Real Estate Lookup

iOS App in Objective-C

1 December 2018


  • iOS
  • Objective-C
  • Xcode
  • JSON
  • git
  • AppStore deployment
About a 2 minute read.


  • Heavily used by Real Estate community.
  • Citizens easily able to access property data on their phones.


Real Estate Lookup was the second iOS application released by Mecklenburg County. With over 10,000 installs, it was our most popular internally developed mobile app. In 2003, the Real Estate Lookup web site was released. Despite a complete technology refresh in 2011, the Tax Department refused to allow IT to update the design of the site.

I proposed to my manager that we create an iOS app to address mobile users. Fortunately, during the technology refresh, an API was created, so I was able to access this RESTful service to access the data. The app allowed users to look up property by a number of search criteria and also allowed them to search properties nearby, using CoreLocation. Results were shown on a MapView with drilldown to individual properties.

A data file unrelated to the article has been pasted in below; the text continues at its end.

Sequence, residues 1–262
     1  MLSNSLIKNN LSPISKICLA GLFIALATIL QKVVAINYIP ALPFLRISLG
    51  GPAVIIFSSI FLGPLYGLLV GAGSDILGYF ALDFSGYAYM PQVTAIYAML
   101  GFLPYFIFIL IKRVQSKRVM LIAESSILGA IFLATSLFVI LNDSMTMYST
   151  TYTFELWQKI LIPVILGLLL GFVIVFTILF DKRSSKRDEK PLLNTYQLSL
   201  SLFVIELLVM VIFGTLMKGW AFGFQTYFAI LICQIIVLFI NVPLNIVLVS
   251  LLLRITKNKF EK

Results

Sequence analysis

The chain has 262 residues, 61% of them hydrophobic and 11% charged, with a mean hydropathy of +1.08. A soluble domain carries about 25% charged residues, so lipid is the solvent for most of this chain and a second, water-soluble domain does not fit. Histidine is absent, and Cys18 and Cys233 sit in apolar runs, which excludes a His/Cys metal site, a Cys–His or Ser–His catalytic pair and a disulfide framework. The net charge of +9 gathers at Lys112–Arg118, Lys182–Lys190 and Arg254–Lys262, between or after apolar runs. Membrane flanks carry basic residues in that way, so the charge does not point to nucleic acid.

As the County property images were out-of-date due to budget issues, I utilized Google Streetview images through an API to provide recent photos of property.

The app was heavily used by Real Estate Agents, Home Owners’ Associations and citizens, until the app was retired in late 2018 when the back end systems were replaced with a new vendor system.

The app was conceived of and designed by me, with input from BOE staff. My work included:

  • Design of all UI and graphic elements.
  • All iOS client code.
  • Web API code in .NET.
  • T-SQL stored procedures.
  • App build and deployment via the Apple AppStore.

The app was also used as a technology demonstrator as it was a management directive that our organization be more proactive with new technology adoption.

After the original BOE product manager left the organization, his replacement had no interest in continuing support and after it became clear this situation was not going to change, the app was pulled from the store.

Side Note: It’s 2019 and BOE staff continue to think it’s perfectly fine to put simple textual content in PDF files instead of just pasting content into Sharepoint pages where it could be served in a responsive manner. Unfortunately, correcting this issue is above my pay grade.